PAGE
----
So, it’s a hundred degrees or so, and you don’t want to break out the stove. Or, you want to go hiking and have a hot meal when you get back. Or, you still have 400 miles to drive before you reach camp for the night.
Time to do some dashboard cooking.
Dashboard cooking works best if you’re not going to be in the car. The greenhouse effect that happens when the sun beats down and gets trapped (the same reason you shouldn’t leave dogs and kids in the car) heats up food much more efficiently if you don’t have the A/C on inside. That said, as long as your food isn’t on a vent, you can still warm things up fairly well. It just takes longer — figure about twice the time.
Before we went hiking in Guadalupe Mountains National Park, I made up some dashboard burritos with ingredients we’d picked up at the Whole Foods in Austin. (Note, if you picked up food in Austin and drove it to GMNP, I really hope you also invested in a cooler and some ice. They’re in the same state, but not exactly “close.”)
What you’ll need:
- A spoon (Picked up a biodegradable one from a coffee shop. Reused it.)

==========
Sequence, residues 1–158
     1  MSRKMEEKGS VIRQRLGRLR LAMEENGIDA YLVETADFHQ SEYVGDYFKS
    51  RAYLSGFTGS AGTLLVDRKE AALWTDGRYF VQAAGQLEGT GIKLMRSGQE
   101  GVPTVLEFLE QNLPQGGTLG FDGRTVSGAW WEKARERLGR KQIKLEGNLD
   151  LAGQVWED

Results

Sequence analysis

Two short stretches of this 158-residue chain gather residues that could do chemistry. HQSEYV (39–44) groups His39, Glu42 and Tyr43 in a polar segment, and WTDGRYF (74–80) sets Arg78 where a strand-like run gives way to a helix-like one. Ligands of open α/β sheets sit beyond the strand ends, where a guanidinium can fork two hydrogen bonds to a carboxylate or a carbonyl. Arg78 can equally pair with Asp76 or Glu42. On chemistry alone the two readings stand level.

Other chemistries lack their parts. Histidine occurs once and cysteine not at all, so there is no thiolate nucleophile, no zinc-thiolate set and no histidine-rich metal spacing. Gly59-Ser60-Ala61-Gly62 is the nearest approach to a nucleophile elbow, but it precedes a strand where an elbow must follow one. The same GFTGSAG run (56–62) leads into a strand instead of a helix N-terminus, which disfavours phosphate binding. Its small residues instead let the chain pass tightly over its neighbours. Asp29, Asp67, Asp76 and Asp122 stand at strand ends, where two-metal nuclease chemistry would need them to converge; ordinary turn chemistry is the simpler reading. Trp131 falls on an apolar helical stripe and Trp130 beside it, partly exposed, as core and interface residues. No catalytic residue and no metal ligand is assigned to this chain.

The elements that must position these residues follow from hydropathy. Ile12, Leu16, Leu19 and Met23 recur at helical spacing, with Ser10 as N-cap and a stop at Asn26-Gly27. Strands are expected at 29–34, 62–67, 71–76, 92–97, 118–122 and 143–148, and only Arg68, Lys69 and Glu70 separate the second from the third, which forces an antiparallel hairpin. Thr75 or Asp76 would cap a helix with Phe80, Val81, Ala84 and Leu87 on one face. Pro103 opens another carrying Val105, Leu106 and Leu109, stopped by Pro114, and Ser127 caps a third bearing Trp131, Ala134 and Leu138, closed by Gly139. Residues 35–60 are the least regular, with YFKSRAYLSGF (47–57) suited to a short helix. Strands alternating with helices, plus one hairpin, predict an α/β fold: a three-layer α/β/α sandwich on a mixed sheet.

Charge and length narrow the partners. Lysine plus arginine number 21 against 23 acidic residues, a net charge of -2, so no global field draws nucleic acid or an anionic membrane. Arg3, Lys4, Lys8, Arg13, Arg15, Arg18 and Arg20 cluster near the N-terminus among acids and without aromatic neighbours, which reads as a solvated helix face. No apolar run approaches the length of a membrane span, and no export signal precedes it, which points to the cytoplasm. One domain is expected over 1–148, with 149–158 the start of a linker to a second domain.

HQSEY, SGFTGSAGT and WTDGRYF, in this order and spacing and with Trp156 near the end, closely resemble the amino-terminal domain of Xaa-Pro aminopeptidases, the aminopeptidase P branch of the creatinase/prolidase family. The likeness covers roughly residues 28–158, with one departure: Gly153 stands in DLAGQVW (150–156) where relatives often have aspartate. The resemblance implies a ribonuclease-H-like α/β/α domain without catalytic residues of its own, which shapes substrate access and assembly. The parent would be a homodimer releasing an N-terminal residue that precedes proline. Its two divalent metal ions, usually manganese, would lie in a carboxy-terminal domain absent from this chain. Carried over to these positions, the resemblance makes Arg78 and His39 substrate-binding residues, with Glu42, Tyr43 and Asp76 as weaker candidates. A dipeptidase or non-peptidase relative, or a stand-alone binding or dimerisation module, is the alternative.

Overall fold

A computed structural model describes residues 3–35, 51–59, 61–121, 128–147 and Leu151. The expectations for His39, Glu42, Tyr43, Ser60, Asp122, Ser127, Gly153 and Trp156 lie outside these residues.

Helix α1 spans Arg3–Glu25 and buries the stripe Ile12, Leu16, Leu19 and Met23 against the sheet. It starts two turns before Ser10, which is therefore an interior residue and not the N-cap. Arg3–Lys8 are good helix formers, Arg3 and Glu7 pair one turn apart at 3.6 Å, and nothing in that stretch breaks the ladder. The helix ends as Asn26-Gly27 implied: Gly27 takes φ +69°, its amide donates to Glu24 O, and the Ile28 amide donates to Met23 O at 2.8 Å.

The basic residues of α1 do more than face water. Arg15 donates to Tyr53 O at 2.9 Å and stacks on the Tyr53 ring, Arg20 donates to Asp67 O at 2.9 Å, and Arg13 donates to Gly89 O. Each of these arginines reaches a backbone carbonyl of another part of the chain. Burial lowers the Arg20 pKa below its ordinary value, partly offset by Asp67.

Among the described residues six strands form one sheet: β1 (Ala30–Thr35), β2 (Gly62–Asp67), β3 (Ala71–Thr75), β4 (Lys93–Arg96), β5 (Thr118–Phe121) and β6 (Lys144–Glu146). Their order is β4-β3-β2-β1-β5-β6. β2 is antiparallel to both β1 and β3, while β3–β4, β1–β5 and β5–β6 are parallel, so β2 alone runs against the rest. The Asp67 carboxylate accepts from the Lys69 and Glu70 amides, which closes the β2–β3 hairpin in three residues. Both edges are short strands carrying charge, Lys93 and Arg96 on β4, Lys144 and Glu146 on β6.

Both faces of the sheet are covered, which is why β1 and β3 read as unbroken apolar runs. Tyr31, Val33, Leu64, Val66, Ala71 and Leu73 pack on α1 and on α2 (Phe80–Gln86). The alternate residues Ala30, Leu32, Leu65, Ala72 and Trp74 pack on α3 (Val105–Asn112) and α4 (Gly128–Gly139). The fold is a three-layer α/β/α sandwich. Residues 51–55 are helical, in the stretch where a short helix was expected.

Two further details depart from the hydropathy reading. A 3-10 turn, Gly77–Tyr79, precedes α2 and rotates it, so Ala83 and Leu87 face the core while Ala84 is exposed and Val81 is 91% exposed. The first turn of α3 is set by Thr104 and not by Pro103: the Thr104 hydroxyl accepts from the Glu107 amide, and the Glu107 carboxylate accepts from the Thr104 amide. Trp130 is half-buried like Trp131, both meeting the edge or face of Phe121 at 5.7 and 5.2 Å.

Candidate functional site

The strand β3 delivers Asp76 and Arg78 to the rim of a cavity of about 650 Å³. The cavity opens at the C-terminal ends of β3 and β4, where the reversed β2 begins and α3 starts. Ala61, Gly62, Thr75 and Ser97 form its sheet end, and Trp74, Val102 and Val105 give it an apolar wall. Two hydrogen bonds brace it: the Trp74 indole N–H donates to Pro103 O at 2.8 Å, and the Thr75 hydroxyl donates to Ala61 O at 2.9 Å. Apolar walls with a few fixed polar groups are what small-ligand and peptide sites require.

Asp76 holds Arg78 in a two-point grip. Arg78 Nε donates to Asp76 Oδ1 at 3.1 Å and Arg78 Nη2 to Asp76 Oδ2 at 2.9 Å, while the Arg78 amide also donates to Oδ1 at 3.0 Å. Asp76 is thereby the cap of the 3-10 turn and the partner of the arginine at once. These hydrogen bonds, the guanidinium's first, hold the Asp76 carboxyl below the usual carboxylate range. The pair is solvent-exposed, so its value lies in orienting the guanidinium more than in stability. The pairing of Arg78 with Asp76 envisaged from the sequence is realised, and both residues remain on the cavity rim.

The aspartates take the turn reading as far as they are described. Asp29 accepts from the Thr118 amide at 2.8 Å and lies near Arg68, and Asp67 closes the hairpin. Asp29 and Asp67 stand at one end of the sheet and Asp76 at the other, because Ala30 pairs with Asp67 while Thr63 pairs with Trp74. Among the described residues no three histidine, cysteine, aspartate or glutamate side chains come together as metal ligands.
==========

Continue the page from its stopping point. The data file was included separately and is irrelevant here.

- Burrito wraps or sandwich wraps (bread works too for other sorts of sandwiches)
- Beans (I used a pouch of pre-cooked pinto beans)
- Spices (The Austin WF had cheap little packs of spice, so I used the “taco seasoning.” Cumin and chili powder are the main ingredients if you’d rather mix it up yourself.)
- Cheese (Again with the Daiya cheddar)
- A rubber band or binder clip for the cheese bag
Lay out out a piece of foil on the hood or trunk of the car or a picnic table and put a burrito wrap on it. Spoon out some beans, sprinkle some spices on them, spoon on some salsa (no so much it’s too wet), and a bit of cheese. Roll up the burrito. Roll up the foil around it.
If you’re worried about a mess, stick your burritos in a plastic bag or on some napkins before placing them on the dashboard.
Then, off you go. Drive, hike, swim, drink beer around camp, lie supine next to the lake… You get the idea.